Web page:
The second half of 1968 found the United States looking for a way out of Vietnam; peace talks were scheduled for early 1969. Despite this goal, large-scale military operations continued in Vietnam until the battle of A Shau Valley near Laos in May. During this battle, U.S. troops assaulted North Vietnamese troops that were dug into the slopes of what became known as Hamburger Hill. The battle was a military victory for the United States, but casualties of more than 400 further angered the American public, leading President Richard M. Nixon to halt large-scale actions and announce withdrawal of the first troops in June. From this point on, the United States focused on a policy of "Vietnamization" – or moving toward a self-sufficient South Vietnam with military action led by the ARVN.

In support of Vietnamization, the United States sought to weaken and eliminate Communist groups in South Vietnam using the Civil Operations and Revolutionary Development Support (CORDIS), in which the CIA played a large role. Security was reestablished in many areas through local militia groups, and the South Vietnam government assisted many refugees in resettlement. Meanwhile, thousands of Communist activists were arrested or killed through the CIA-supported Phoenix Program. While withdrawing ground troops, President Nixon expanded the theater of war by authorizing secret bombings of bases in Cambodia beginning in March 1969. In addition to the bombings, 25,000 U.S. and AVRN troops pushed several miles into the country, promoting another public outcry stateside. Congress reacted by repealing the Gulf of Tonkin Resolution, ordering troops to withdraw from Cambodia by the end of June, and, in December 1970, forbidding U.S. troops from taking part in any action outside of the Vietnam border. Congress did not halt bombing in Cambodia until three years later, however.

Increasing reports of atrocities committed by U.S. troops began to appear stateside, angering the public and decreasing morale; the most well-known of these events was My Lai. In March 1968, a company of American soldiers was sent into the village of Son My (which included the My Lai hamlet) on a search-and-destroy mission to eliminate Viet Cong guerrillas in control of the area. Dwindling in numbers after already experiencing heavy casualties, the company had low morale and was under a great deal of stress. Despite not finding a single Viet Cong guerrilla and not being fired upon, American soldiers raped, tortured, and murdered hundreds of civilians – mostly women, children, and the elderly. The massacre ended only when an army helicopter unit intervened, threatening to open fire if the attacks continued and transporting many civilians to safety. Following an initial cover-up, news of the massacre hit the American press in November 1969. Only one man, Lieutenant William L. Calley, was ever convicted of any crime there. In the aftermath, the American public and troops in Vietnam alike wondered what additional atrocities officers might be hiding, as confidence in the government continued to plummet.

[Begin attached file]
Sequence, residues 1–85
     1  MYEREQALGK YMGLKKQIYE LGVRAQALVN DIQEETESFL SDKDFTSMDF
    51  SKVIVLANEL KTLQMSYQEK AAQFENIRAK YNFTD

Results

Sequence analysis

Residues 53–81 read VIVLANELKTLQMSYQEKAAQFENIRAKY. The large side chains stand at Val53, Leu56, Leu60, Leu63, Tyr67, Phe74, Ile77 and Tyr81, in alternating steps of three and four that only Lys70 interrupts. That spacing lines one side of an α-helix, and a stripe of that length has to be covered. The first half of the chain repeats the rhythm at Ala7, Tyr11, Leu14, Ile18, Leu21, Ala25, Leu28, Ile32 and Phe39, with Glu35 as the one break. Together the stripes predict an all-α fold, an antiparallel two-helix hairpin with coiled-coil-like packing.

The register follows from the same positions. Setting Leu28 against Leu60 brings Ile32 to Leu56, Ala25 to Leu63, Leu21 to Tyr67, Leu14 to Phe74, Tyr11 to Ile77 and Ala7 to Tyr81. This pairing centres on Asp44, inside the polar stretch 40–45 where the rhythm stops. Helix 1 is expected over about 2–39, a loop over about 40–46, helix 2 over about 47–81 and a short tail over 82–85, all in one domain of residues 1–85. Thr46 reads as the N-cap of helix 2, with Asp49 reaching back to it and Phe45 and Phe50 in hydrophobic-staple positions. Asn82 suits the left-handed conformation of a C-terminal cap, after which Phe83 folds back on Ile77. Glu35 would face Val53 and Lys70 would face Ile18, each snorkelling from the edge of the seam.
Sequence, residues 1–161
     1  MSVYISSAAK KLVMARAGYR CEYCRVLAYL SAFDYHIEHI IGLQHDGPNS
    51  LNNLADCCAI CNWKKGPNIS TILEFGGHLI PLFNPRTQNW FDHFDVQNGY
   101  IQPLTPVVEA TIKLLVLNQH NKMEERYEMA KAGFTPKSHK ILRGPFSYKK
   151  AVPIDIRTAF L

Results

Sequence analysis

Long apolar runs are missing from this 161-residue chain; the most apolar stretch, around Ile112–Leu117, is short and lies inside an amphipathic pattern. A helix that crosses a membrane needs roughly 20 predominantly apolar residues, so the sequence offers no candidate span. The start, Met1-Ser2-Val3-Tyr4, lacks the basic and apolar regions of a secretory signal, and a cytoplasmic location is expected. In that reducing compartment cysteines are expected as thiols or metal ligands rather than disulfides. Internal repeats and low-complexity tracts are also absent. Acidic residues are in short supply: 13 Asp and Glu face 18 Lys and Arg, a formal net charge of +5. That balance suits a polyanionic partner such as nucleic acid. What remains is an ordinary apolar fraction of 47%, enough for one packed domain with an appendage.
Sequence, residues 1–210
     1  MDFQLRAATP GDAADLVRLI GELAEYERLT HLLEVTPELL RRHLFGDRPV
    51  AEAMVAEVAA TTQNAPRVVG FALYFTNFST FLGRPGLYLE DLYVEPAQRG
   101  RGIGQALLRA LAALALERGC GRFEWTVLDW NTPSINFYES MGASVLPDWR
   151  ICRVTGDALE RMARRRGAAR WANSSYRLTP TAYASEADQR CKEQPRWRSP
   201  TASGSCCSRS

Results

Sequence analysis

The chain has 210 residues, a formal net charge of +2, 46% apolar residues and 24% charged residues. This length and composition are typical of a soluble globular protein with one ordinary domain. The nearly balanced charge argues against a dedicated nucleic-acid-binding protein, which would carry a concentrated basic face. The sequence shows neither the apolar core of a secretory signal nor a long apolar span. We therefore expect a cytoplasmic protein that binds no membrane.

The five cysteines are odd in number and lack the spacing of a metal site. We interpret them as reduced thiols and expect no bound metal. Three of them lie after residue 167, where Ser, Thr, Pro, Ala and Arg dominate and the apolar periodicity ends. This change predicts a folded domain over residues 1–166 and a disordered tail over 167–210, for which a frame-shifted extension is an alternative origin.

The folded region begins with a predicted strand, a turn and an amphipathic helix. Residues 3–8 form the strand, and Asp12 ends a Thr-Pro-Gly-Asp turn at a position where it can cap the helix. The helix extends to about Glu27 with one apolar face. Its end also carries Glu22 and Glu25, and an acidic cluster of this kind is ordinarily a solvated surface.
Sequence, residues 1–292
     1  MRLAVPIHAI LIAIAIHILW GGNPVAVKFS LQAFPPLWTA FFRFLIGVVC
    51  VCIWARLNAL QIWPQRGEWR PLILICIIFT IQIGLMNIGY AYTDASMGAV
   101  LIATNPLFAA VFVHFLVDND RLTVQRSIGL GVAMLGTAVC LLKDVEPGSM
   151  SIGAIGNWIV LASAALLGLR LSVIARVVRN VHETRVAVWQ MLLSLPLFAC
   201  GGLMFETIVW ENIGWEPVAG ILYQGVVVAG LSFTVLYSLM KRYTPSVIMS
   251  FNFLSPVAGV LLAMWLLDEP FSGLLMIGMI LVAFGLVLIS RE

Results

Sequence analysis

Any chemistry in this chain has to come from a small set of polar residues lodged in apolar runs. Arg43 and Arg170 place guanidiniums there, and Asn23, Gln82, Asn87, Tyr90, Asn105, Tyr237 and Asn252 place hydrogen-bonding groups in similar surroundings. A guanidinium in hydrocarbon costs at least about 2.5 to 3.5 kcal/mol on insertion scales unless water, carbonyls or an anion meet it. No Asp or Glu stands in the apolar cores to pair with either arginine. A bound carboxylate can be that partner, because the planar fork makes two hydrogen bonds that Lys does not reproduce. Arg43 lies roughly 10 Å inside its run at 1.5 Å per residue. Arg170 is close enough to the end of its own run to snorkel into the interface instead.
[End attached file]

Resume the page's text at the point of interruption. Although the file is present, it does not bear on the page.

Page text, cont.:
End of the War

As peace talks continued and the United States began to improve relations with China and the Soviet Union, North Vietnamese General Vo Nguyen Giap saw an opportunity to push into South Vietnam. Known as the Easter Offensive, the campaign started on March 30, 1972, and saw large gains by North Vietnam. Unable and unwilling to commit additional ground forces, the United States responded by supporting the ARVN ground troops with a new bombing campaign, the Linebacker Raids, from April to October. A peace treaty appeared near, but after a stall in the peace talks, the United States resumed bombing. In what was known as the Christmas Bombing, aircraft targeted numerous military locations; 1,600 civilians were killed.

A negotiated peace settlement, the Paris Peace Accords, was finally signed on January 27, 1973, effectively ending American involvement within the country. The battles were far from over, however, as forces from North and South Vietnam continued to mount small-scale actions. Another large-scale offensive from the North came in March 1975, leading to the eventual resignation of South Vietnam's President Nguyen Van Thieu due to the lack of any further American support. A helicopter desperately evacuated the last U.S. personnel in Vietnam from the roof of the embassy in the early morning of April 30, followed only hours later by North Vietnamese tanks breaking through the presidential palace walls. These last frenzied images of the evacuation seemed to encapsulate the American public's readiness to escape from the long years of war in Vietnam.

North and South Vietnam were united under a Communist government as the Socialist Republic of Vietnam in 1976. It would be another twenty years before U.S. and Vietnam relations returned to normal. More than 58,000 Americans were killed in the Vietnam War, including 592 Arkansans.